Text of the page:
A narrative book was published by Exorma (Roma, Italy) in November 2016 with the title “Salam e’ tornata” (in Italian language)

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Hopefully it will be published in English soon.

The following is the synopsis.

“Salaam Has Returned” is a vividly intense and personal account of the author’s recent long-term experience in Syria. The story stems from everyday life on the front line of a major nature conservation effort that took place in the heart of a restless Middle East in the decade before national civil unrest erupted in 2011. In 2000, the author landed in Syria as a young and idealistic ecologist to take part in an international aid project aimed at creating a natural reserve in the desert surrounding Palmyra, a remote village, home to one of the most spectacular archaeological sites in the region.

At that time, Syria was still a sleepy dictatorship disguised as a republic. In its early stages, the project is mired in a labyrinth of corruption and bureaucracy. The author and his ragtag team of locals struggle for years until they realize a sensational naturalistic discovery that makes headlines around the world. They find the last wild colony in the Middle East of a critically endangered species: a magnificent and bizarre looking bird considered extinct in Syria for more than 70 years.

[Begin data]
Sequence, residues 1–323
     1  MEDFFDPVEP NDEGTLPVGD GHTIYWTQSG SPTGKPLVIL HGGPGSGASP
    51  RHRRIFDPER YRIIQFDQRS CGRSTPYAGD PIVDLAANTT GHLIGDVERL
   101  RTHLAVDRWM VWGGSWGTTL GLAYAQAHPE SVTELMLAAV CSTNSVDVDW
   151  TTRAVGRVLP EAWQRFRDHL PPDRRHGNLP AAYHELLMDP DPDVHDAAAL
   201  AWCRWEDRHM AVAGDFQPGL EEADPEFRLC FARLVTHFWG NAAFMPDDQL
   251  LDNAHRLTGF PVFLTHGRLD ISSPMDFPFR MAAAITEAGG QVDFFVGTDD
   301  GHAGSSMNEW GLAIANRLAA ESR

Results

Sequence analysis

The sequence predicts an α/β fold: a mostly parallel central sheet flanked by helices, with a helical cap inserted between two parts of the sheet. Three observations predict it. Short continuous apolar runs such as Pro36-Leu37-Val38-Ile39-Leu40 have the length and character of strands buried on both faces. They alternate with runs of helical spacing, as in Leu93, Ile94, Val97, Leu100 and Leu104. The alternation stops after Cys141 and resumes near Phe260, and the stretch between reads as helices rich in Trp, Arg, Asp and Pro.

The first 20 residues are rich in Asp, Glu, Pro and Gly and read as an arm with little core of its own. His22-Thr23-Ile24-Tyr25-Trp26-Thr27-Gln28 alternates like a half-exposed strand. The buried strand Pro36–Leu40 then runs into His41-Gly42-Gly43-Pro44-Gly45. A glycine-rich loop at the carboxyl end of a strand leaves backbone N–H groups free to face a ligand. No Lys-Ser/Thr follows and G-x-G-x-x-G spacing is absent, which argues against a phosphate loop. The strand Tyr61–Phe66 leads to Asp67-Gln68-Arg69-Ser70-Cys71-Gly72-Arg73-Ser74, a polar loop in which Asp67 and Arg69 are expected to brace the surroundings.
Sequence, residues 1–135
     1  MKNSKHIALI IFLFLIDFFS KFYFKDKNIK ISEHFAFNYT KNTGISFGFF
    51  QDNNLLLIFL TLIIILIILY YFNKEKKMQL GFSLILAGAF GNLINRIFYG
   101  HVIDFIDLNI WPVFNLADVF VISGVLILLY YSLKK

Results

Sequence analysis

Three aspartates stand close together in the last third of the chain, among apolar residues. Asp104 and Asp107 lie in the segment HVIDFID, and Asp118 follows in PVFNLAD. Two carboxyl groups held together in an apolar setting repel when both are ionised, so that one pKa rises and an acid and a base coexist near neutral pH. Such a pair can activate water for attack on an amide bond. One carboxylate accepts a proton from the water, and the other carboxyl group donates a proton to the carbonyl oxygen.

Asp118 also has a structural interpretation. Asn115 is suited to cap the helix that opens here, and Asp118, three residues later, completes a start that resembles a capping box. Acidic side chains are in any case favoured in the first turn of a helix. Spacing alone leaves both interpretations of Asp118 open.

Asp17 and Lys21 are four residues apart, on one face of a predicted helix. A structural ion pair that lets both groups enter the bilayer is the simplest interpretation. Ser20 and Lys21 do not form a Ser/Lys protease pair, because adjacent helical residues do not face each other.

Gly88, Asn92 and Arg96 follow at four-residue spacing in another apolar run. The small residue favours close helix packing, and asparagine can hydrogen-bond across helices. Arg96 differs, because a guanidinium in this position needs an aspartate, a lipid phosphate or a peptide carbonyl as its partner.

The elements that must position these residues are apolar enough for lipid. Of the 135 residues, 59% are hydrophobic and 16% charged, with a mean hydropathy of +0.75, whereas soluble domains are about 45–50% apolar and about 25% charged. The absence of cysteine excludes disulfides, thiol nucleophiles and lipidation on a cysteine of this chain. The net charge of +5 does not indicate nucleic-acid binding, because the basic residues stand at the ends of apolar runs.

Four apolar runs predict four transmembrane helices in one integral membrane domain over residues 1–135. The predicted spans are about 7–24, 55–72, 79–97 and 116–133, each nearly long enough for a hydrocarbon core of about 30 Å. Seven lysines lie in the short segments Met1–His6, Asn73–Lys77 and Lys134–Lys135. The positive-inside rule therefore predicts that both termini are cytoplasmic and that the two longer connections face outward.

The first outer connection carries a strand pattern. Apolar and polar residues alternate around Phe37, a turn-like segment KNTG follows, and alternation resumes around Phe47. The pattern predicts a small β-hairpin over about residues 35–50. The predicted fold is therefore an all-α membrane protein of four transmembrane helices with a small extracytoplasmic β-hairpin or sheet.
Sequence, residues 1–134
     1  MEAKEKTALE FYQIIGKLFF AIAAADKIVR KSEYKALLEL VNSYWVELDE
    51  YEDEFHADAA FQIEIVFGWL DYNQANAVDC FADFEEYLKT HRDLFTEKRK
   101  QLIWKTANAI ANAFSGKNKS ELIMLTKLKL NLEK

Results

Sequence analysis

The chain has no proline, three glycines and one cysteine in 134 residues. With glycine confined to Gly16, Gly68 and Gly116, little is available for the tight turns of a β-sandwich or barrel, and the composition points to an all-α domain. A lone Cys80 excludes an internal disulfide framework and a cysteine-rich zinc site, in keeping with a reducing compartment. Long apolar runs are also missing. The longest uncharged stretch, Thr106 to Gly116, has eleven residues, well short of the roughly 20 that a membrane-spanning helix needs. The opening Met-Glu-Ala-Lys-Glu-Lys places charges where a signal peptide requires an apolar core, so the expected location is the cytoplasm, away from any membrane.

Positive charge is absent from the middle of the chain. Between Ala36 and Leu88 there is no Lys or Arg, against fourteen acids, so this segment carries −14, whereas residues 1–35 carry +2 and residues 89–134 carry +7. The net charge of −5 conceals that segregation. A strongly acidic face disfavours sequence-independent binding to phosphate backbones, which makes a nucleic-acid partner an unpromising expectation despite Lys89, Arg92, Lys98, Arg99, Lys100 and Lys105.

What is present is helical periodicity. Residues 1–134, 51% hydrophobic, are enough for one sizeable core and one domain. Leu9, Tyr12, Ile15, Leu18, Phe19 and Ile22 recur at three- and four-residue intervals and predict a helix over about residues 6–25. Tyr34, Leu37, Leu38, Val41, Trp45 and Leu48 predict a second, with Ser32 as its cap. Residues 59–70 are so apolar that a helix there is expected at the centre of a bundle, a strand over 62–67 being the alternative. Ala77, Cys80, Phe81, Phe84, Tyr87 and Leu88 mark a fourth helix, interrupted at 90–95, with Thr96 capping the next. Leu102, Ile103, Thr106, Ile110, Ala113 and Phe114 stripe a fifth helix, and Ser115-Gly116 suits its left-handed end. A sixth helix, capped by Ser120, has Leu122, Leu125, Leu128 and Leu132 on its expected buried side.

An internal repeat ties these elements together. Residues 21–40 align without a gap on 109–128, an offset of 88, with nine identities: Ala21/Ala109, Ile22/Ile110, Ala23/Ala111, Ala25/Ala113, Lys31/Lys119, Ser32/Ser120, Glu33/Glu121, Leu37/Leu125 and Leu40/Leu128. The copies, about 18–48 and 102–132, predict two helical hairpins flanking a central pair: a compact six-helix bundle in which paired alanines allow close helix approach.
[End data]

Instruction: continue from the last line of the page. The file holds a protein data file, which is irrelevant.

Sacred to the Egyptians and immortalized with its long hooked beak in a fine 4500-year old hieroglyph at the Temple of Horus in Edfu (see photo at the bottom of the document), the Northern Bald Ibis had long flown only in the imagination of naturalists and the faded memories of old Bedouins.

This book, through an engaging first-person recount, narrates the misadventures of that discovery, the excitement and the incredible obstacles this handful of nature enthusiasts faced to grant protection to the birds, the odyssey to track down their migratory route up to the Ethiopian highlands and the strenuous efforts to eventually identify the cause of their ineluctable decline. It is a story of perseverance through which the involved desert characters found new awareness of their environmental heritage.

The passion of these people for resuscitating this “Lazarus population” is an inspiring celebration of the resilience of nature, the power of persistence and the value of going your own way.

At the same time, these pages provide a detailed and ironic snapshot of how Syria was prior to the onset of the war – captured through the smoky lens of discussions in the tents of the Bedouin nomads or through life under the yoke of the notorious infamous secret service; through images from the country’s dusty streets and inside the luxurious palaces of Damascus’ upper echelons.

Salaam is the name of one of the ibises of the colony found in the Palmyra desert in 2002. Every spring when Salaam and her winged mates returned from their wintering grounds in Ethiopia, through a long and perilous migration, to breed on the cliffs of the Syrian desert, it signified a small victory. Her name in Arabic means “Peace”. During past recent years, she has stubbornly kept returning to her solitary nesting cliff to witness a land devastated by a brutal war.